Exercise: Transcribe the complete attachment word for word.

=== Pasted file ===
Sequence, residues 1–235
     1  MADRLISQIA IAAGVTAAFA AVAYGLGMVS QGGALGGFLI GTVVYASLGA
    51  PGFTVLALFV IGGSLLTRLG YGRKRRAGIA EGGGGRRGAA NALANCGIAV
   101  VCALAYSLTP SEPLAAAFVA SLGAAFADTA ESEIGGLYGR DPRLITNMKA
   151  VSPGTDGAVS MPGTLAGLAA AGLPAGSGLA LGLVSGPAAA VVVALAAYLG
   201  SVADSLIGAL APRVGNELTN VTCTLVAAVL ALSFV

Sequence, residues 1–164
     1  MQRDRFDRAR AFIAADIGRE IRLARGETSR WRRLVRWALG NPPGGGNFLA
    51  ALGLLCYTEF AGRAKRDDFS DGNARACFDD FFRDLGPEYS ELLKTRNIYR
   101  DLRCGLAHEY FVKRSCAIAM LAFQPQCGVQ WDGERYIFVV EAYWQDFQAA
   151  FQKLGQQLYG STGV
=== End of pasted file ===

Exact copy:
Sequence, residues 1–235
     1  MADRLISQIA IAAGVTAAFA AVAYGLGMVS QGGALGGFLI GTVVYASLGA
    51  PGFTVLALFV IGGSLLTRLG YGRKRRAGIA EGGGGRRGAA NALANCGIAV
   101  VCALAYSLTP SEPLAAAFVA SLGAAFADTA ESEIGGLYGR DPRLITNMKA
   151  VSPGTDGAVS MPGTLAGLAA AGLPAGSGLA LGLVSGPAAA VVVALAAYLG
   201  SVADSLIGAL APRVGNELTN VTCTLVAAVL ALSFV

Sequence, residues 1–164
     1  MQRDRFDRAR AFIAADIGRE IRLARGETSR WRRLVRWALG NPPGGGNFLA
    51  ALGLLCYTEF AGRAKRDDFS DGNARACFDD FFRDLGPEYS ELLKTRNIYR
   101  DLRCGLAHEY FVKRSCAIAM LAFQPQCGVQ WDGERYIFVV EAYWQDFQAA
   151  FQKLGQQLYG STGV